Prank callers have managed to trick hospital staff treating the Duchess of Cambridge into revealing detailed information about her condition.
Australian radio DJs impersonating the Queen and Prince of Wales were given an update about Kate, who was admitted to London's King Edward VII on Monday with severe morning sickness.
Mel Greig and Michael Christian from Sydney's 2Day FM were transferred to a duty nurse who divulged details of how doctors were treating the duchess.
The hospital has said it "deplores" the stunt and will be conducting a review of its phone system.
As Prince William arrived to visit his wife as she spends her third day in hospital, St James's Palace declined to comment on the incident.
He left just after 5pm after spending five hours with his wife.
A spokesman for the hospital said: "King Edward VII's Hospital Sister Agnes can confirm that an Australian radio station made a hoax call to the hospital in the early hours of Tuesday morning.
"This call was transferred through to a ward and a short conversation was held with one of the nursing staff. King Edward VII's Hospital deeply regrets this incident."
John Lofthouse, chief executive at King Edward VII's Hospital , said: "This was a foolish prank call that we all deplore. We take patient confidentiality extremely seriously and we are now reviewing our telephone protocols."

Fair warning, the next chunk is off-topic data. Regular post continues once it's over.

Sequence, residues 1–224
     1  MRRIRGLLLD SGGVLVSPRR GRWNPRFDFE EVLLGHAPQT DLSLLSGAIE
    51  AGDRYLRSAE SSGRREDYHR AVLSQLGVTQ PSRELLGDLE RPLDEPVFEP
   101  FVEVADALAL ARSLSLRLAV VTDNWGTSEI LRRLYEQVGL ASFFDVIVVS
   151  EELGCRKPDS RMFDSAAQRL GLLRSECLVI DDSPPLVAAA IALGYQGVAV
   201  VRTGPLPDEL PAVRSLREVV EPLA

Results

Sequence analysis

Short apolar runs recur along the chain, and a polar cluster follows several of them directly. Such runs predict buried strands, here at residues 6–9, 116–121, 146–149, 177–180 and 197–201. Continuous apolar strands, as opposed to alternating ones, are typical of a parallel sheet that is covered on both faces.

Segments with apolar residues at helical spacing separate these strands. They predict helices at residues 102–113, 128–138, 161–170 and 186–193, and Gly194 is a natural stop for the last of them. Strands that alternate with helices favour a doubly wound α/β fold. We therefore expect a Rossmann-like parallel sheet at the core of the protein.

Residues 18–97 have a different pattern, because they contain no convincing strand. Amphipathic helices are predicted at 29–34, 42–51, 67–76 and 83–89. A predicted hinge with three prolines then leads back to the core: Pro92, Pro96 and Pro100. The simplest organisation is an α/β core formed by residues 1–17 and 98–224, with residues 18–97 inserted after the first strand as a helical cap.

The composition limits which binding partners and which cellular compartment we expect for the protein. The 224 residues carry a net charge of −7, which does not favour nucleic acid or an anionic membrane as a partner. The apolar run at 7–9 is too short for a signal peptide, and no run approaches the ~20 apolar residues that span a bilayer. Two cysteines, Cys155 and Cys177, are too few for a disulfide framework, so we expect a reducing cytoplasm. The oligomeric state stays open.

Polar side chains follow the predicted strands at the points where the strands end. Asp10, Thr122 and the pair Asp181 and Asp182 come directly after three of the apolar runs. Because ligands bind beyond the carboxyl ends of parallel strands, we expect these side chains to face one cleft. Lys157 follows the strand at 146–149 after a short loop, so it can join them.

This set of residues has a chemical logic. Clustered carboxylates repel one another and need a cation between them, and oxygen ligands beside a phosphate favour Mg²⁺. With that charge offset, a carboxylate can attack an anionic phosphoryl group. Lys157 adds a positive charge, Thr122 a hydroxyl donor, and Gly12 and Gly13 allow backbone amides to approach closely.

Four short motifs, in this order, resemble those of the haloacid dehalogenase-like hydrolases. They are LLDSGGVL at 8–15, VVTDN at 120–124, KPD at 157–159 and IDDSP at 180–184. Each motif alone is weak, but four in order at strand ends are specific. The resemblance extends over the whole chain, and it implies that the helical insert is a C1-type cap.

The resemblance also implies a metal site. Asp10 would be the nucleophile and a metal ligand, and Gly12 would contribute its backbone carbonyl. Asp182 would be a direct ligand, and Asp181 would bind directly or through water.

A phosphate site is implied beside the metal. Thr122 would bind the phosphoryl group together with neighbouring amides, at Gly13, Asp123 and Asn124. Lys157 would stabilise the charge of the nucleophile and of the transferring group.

Michael Christian has been posting congratulatory Tweets and reports of the prank from around the world on his Twitter page.
He tweeted: "Can't believe we got put through!"
The DJs and their radio station have since apologised - saying the hosts had "the best intentions".
Mel Greig and Michael Christian said: "We were very surprised that our call was put through, we thought we'd be hung up on as soon as they heard our terrible accents.
"We're very sorry if we've caused any issues and we're glad to hear that Kate is doing well."
In a statement, 2Day FM said: "2Day FM sincerely apologises for any inconvenience caused by the inquiry to Kate's hospital, the radio segment was done with the best intentions and we wish Kate and her family all the best."
Earlier today Kate's sister Pippa and her brother James spent an hour visiting her in the hospital.
The Duchess' parents Carole and Michael Middleton are thought to have visited their daughter on Tuesday.
Knowingly or recklessly obtaining personal information without consent is an offence under Section 55 of Data Protection Act 1998, punishable by a fine of up to £5,000.
During the debate over UK press standards, Deputy Prime Minister Nick Clegg called for those guilty of obtaining personal information by deception - known as "blaggers" - to be jailed.